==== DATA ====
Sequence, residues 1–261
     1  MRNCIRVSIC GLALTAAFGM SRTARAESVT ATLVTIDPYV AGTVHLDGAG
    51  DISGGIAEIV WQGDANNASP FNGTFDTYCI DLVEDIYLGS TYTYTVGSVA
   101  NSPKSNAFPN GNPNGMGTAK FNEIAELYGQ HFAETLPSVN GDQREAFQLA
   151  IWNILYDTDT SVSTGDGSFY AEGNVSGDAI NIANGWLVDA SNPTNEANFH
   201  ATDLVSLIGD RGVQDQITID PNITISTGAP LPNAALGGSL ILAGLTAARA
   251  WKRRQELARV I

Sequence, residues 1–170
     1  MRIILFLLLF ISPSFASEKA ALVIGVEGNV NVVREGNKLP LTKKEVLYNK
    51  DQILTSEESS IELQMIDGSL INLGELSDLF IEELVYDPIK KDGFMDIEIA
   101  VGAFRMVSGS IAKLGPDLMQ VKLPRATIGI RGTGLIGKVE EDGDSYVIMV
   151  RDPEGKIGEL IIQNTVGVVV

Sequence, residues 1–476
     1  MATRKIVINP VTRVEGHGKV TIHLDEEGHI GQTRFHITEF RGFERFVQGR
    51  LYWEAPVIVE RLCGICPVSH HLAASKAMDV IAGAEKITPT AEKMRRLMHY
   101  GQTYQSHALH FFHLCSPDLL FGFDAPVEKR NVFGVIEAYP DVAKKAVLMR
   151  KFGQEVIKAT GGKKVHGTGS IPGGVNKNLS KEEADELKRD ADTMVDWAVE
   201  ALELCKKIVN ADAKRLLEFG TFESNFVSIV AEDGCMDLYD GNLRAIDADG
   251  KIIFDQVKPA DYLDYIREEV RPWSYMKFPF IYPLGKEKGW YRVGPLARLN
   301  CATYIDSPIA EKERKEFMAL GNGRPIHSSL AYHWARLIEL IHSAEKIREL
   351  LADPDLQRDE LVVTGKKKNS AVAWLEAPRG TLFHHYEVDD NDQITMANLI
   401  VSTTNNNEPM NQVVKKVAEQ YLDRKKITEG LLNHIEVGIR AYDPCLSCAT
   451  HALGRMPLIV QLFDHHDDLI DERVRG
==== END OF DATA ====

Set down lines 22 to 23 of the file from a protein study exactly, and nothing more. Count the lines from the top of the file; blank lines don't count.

   401  VSTTNNNEPM NQVVKKVAEQ YLDRKKITEG LLNHIEVGIR AYDPCLSCAT
   451  HALGRMPLIV QLFDHHDDLI DERVRG